Friday, August 28, 2009

The paradox of Harold and Kumar

Hey kids! It's Mr. Grouchy Pants again, with his fourth straight negative post! Negativity is fun, kids!

And I'm jumping into the racial politics again. Be forewarned.

My wife has a colleague who just loves Harold & Kumar Escape from Guantanamo Bay. This is an intelligent woman, mind you -- a person in the business of writing and vetting scripts herself. If you're a serious person, you get only a couple movies to champion this way, only a couple movies where you say "I know, it looks terrible, but trust me, it's great!" before people start to question your judgment. She allowed the sequel to Harold & Kumar Go to White Castle to enter that elite group of questionable recommendations.

So my wife and I decided to watch it on Sunday night. We were looking for a dumb comedy available OnDemand. It was either that or Rainn Wilson's The Rocker, and to decide which, we played the "which is shorter" game. Harold & Kumar had The Rocker beat by two minutes, 101 to 103.

A hater of the first movie, I should have trusted my instincts. I probably liked Guantanamo Bay slightly better than White Castle -- I'll never get over the scene in White Castle when Harold and Kumar ride on the back of a cheetah -- but the margin was very thin.

There are a million dumb comedies out there, and the two Harold & Kumar movies are hardly the worst offenders. But what seems extra bothersome about them is that they should be a huge victory for liberal sensibilities. Instead, they're a huge setback.

Here you have an extreme rarity in Hollywood: a movie franchise starring an actor of Korean descent and an actor of Indian descent. It's a casting choice that spits in the face of what should conventionally sell to audiences. In fact, actors with their demographics are so hard to find, you'd be hard-pressed to name another young actor of Indian descent other than Kal Penn. And to play the young Hikaru Sulu in this year's Star Trek, they had to use John Cho, a Korean-American, as there was no suitably well-known actor of Japanese descent around the right age. (Which, now that I think about it, may say more about the availability of actors of Japanese descent than actors of Korean descent).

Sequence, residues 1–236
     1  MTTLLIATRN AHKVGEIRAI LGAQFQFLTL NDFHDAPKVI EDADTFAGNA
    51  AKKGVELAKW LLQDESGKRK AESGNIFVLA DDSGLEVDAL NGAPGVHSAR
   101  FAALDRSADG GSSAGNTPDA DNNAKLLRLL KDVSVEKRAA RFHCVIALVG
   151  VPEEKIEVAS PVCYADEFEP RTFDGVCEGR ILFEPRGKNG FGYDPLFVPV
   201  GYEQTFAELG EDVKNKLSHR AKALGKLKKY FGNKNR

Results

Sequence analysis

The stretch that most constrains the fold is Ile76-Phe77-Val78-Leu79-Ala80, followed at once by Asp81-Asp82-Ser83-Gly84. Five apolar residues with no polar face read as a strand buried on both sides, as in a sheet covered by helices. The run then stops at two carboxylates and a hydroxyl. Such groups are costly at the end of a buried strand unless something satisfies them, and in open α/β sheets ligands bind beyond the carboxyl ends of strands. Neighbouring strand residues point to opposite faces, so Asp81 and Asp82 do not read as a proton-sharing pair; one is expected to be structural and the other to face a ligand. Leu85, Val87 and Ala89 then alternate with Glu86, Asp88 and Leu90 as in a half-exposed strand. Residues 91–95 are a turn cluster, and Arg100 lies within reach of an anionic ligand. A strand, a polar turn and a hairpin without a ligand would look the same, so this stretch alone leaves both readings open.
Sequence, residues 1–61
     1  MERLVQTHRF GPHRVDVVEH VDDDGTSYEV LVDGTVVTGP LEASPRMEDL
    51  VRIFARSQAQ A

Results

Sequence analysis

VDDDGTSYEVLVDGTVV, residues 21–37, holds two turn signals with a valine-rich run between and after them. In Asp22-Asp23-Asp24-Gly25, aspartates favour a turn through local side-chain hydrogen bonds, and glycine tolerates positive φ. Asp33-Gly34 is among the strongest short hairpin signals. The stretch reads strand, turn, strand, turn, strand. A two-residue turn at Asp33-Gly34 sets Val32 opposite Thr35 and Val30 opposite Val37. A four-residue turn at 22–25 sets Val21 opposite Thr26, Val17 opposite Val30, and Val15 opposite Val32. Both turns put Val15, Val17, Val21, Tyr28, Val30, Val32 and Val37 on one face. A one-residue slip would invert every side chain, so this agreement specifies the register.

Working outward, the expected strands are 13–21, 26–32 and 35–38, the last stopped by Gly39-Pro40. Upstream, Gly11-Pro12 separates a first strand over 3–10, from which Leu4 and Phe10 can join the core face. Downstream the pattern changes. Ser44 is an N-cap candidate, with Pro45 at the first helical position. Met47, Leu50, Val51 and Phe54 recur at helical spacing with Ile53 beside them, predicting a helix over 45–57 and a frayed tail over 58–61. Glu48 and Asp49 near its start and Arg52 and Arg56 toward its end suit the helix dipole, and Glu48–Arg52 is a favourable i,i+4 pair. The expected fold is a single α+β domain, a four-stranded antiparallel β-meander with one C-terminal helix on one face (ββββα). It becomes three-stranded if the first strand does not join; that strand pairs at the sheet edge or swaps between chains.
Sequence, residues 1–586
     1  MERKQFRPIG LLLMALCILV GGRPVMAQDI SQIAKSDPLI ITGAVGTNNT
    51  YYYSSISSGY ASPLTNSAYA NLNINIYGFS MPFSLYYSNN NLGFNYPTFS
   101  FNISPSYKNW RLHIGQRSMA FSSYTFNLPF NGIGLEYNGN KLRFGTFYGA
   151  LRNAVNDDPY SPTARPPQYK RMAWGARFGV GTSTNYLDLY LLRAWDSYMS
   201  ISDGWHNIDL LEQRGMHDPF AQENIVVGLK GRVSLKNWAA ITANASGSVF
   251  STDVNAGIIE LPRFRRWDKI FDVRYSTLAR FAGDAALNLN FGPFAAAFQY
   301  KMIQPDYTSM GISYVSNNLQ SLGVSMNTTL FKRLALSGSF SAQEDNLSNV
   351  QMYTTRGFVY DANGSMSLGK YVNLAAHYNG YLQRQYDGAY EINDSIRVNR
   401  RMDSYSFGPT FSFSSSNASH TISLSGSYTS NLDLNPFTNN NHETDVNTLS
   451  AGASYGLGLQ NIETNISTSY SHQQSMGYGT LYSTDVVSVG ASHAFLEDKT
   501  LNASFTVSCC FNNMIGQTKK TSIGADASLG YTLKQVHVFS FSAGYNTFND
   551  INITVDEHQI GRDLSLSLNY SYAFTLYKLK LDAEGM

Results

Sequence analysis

Well, it's almost as though they're intentionally dumbing down the comedy with these guys, rather than matching the evident intelligence of the actors. It's an extra attempt to prove to us that these guys from stereotypically intelligent ethnic backgrounds are the furthest things from boring eggheads -- they can be just as big dipshits as white stoners.

Yeah, these are stoner comedies -- and I guess I feel pretty enlightened by the idea that stoners come in all shapes and colors. But boy are these movies stupidly written. They're knee deep in gross-out jokes and homophobia, and the plots are one inane set piece after another at breakneck speed. To give you a perfect example of all of these, the movie called Harold & Kumar Escape from Guantanamo Bay spends exactly five minutes of screen time in Guantanamo Bay. And four-and-a-half of those five minutes involve the two leads trying to avoid eating a "meat sandwich" from the guards -- which is exactly what you'd think it is.

This might not be racial in any traditional sense -- it could just be a bad movie that happens to star two minorities. But wait! Barack Obama says it's racial! (Sort of).

See, Kal Penn -- born Kalpen Modi, and going by that name again -- has a new job now. He works in Obama's White House Office of Public Liaison, as a liaison to the Asian-American and Pacific Islander communities. In other words, he's being made a representative of his race in that arena. Why not here?

Okay, so, Barack Obama doesn't care that his Asian-American good will ambassador is known primarily for his roles as the frat boy Taj (National Lampoon's Van Wilder, National Lampoon's Van Wilder: The Rise of Taj) and the stoner Kumar, so why should I? I'm the last person who would judge someone for enjoying a good time.

But is it too much to ask these movies to be better? At least Cho's Harold is trying to make smart decisions -- he's just the pitiable straight man caught up in Kumar's stupid shenanigans. And those shenanigans? How about Kumar bringing a bong on the plane so he can smoke in the bathroom ... on their way to Amsterdam, where marijuana is legal?

I guess what I really ask for is credibility. I love the fact that you've got an Asian-American and Indian-American stoner -- lord knows there are plenty of them out there -- but I just want them to act like human beings. They could have had great adventures getting to a hamburger joint or evading a mistaken imprisonment in Guantanamo Bay -- both, after all, are great ideas. But what resulted were ten-car-pileups of dumb jokes. And not good dumb, either.

I don't know. I had better ideas of what to say before I got sick this week and tried to complete this post over the course of a couple days.

I just wish I could applaud these movies as examples of cultural diversity, of bravery among the Hollywood green-lighters, and of intelligent filmmaking. And intelligent filmmaking doesn't have to feature intelligence, per se. Dumb can be plenty intelligent if done right.

In this case, two out of three is not good enough.

Maybe A Very Harold & Kumar Christmas, due out in 2010, will give me the Harold and Kumar I really want to see.

More likely, Kumar will burn down the Christmas tree while trying to light his bong, and someone will try to make Harold fellate Santa Claus.

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